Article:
Platform Topics

Action NOW for Frisco's tomorrow 
Frisco has seen drastic changes over the last few years, but we are still 10 years from full buildout.  What we do now will have an effect on our City for decades to come.
Housing and Taxes

According to the City of Frisco's estimates, the average assessed household value was estimated at $438K in January of 2021 and most properties have steadily increased in value. While these increases in home value means it's a good investment, it also means property taxes increase with it.  Keeping our property taxes as low as possible would be a top priority.  


That steadily increasing price point also keeps some families from being able to buy into our housing market.  Families move to Frisco because of our incredible school district but high housing prices are creating a demand for apartments.  This demand will continue to increase if we don't offer more smaller format housing options like condos, townhomes, and zero lot line homes as alternatives.  Additionally, these types of options would be multi-purpose as they would appeal to young professionals and to our retired citizens who want minimal maintenance.  


The city has been proactively working to prevent a sharp population density increase from apartments which would negatively impacts our existing communities.  One of the main ways they have been able to do this is by reducing the number of apartments built from existing multi-family rights which were previously granted (some were granted to build our roads throughout the city).  Continuing to work with land owners and developers to provide a variety of alternative options and ensuring their plans are in the best interest of Frisco long term.  As your next councilwoman, I would continue to support this initiative.



Growing Pains 


Frisco has consistently grown by roughly 10,000 people every year and we have now reached a population over 200,000. With the PGA and other developments coming to our City, we must proactively plan for continued population increase, including completing/widening roads, additional headcount for public safety, and additional water reservoirs to support our needs. Frisco's reinvesting strategy is a top priority for 2021 and should be a continued focus moving forward. Keeping the high standard we are accustomed to is critical to ensuring Frisco's ongoing appeal and long-term success.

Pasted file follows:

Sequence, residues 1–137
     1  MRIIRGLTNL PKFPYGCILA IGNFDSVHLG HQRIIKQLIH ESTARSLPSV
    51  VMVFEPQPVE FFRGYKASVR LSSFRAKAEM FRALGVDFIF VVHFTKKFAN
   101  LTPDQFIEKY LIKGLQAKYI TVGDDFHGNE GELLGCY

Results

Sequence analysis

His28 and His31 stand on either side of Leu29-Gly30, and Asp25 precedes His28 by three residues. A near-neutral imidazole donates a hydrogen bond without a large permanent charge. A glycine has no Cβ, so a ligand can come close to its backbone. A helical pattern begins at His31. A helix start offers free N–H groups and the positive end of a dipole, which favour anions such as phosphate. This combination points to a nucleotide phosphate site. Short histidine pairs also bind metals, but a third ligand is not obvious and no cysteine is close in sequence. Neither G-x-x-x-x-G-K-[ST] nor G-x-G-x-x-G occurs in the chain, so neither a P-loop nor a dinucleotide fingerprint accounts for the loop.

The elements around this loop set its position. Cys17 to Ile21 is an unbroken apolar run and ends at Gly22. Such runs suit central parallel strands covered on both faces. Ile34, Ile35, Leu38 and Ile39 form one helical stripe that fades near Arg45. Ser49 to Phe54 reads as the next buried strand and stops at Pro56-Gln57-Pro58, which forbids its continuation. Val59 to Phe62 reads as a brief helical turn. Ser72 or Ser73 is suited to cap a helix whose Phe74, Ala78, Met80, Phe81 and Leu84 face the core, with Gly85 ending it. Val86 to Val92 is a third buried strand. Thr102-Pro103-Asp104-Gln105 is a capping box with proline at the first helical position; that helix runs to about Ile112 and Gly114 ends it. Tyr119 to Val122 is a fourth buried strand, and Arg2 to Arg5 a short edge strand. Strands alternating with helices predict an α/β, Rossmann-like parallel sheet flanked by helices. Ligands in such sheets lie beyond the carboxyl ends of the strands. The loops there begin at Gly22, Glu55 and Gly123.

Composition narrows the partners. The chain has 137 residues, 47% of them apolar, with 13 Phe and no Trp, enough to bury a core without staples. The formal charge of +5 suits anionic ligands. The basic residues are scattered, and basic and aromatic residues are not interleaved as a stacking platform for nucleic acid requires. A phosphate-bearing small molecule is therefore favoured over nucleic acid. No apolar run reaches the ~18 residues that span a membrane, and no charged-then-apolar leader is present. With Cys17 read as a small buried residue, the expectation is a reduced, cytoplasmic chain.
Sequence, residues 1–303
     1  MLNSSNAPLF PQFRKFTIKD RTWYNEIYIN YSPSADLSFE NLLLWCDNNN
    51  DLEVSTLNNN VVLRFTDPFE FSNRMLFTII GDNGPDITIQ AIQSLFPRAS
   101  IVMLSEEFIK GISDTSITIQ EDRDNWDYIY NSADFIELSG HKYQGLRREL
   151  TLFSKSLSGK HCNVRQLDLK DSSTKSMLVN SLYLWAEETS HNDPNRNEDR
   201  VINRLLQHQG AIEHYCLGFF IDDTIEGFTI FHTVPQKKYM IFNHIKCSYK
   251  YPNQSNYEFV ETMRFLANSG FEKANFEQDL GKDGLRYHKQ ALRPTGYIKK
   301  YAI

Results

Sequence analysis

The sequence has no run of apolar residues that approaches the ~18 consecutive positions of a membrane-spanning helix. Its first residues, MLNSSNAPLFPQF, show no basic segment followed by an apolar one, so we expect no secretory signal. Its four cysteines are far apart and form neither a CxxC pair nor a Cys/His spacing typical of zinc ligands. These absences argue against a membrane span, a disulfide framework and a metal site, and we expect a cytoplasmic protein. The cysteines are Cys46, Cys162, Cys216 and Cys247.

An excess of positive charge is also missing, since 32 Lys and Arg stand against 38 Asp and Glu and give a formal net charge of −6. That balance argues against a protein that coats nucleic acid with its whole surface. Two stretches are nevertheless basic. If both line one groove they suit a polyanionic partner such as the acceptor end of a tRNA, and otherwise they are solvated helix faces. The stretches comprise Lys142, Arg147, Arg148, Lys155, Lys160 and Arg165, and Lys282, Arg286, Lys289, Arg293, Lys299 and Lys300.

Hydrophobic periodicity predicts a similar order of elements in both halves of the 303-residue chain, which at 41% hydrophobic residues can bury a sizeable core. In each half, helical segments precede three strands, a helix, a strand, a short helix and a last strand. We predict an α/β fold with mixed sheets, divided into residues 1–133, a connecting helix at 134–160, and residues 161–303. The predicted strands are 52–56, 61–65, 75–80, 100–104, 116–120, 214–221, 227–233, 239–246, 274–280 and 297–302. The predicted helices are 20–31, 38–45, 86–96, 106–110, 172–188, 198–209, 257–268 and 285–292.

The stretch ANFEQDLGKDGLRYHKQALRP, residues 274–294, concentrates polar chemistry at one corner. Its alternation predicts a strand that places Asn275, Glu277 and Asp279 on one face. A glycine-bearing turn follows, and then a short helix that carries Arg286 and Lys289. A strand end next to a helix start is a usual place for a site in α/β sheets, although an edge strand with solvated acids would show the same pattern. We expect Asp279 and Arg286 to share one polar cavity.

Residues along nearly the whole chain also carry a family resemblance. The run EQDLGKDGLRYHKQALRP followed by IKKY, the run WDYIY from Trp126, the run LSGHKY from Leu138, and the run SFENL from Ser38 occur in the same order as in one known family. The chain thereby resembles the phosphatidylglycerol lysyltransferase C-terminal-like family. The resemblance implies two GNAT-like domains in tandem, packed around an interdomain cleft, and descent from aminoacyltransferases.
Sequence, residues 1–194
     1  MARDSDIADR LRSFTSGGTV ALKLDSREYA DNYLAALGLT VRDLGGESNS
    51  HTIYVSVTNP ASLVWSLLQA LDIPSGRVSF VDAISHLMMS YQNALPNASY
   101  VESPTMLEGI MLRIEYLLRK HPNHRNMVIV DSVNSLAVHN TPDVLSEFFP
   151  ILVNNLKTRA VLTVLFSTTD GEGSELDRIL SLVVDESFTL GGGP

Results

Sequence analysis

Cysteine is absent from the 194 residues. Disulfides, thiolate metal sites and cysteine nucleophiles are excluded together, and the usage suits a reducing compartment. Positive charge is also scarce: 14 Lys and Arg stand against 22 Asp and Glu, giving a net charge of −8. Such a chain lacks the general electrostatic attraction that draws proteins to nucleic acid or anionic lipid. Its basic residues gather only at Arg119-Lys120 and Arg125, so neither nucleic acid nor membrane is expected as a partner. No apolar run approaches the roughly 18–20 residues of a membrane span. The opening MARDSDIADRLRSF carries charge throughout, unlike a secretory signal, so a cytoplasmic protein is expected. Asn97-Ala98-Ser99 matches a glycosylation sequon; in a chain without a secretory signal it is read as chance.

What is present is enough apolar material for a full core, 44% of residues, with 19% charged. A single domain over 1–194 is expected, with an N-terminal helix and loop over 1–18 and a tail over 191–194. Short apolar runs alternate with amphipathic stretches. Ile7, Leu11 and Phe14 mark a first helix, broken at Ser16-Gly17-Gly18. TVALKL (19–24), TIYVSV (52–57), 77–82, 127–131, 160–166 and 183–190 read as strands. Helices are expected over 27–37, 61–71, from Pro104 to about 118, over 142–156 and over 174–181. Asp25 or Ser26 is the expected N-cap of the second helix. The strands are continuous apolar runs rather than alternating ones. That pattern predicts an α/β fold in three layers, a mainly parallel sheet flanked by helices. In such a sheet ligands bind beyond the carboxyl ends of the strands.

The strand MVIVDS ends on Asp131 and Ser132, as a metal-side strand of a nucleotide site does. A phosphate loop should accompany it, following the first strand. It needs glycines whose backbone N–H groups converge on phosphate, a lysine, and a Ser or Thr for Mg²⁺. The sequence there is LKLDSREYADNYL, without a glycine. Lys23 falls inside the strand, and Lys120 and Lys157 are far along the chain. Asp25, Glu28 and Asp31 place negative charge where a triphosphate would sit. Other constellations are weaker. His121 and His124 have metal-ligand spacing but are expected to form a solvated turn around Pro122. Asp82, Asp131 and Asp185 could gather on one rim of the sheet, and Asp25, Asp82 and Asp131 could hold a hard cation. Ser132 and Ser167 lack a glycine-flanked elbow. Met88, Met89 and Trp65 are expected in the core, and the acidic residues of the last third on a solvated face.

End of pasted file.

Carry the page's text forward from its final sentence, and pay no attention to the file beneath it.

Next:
We were named the #1 City to Raise an Athlete by Men's Journal back in 2011, and since then we have been nicknamed "Sports City". We have dedicated sports fields everywhere, but what about the rest of our citizens who lead active lifestyles outside of organized sports? We owe it to our citizens to maintain our existing parks to their full potential and ensure they are usable by everyone. As we look forward in our planning for Grand Park, we have the opportunity to fill gaps in the way that we are managing other areas today.

We need to continue putting a focus on finding new ways to increase our revenue. For example, creating revenue-generating activities that would be available within Grand Park could cover the maintenance, and any surplus could contribute to the needs of our other parks as well. Attracting new businesses and special events increases our overall tax revenues, without putting the additional burden on our property owners. 

Commercial growth

More businesses coming to Frisco means local job opportunities.  It means there are shorter commutes available, reducing our time on the roads, and relieving traffic congestion. It also means additional tax revenue which contributes towards the City's budget.  This is the first step in being able to limit taxes on homeowners, increase the homestead exemption, or reinvest further in our city.  

The City of Frisco has an objective to create an innovation and entreprenership center.  With previous experience in an early stage start-up, I am keenly aware of the needs of these organizations (access to pitching for venture capital funding, flexible workspaces, and shared support services to name a few).  Historically, once a company moves to Frisco, they rarely leave.  Start-ups typically provide slow and steady growth and bring high paying jobs.  Both of these would be attractive attributes in businesses we would like to recruit here to Frisco.   
My pet project - our pets!

After volunteering for over 10 years in rescue and recently founding a 501c3 for the pets of Frisco, this one should come as no surprise.  


The City of Frisco needs to take a more proactive role in supporting our domesticated animals.  A local vet recently reported that they took in 178 stray animals during 2021 alone. This was in an attempt to help these pets find their way back to their owners before being transported to Collin County Animal Service in Mckinney, 30 minutes away.  In other words, a private entity is helping to support our city's needs because there isn't any other option within the city limits today.  In terms of a shelter, there has been talk of wanting to form a partnership with a private entity to help make this as cost effective as possible, and that should be investigated. We also need to consider how we can incrementally build a facility over time to help minimize the costs at launch.

A shelter could help with more than just lost or stray animals.  Having a vet on staff would allow us to support low cost spay and neuter programs, vaccines, and even microchips.  It could be a resource center for pet owners on the basics of owning an animal or where to find help if assistance is needed.  A shelter could be so much more valuable for our city than just another building.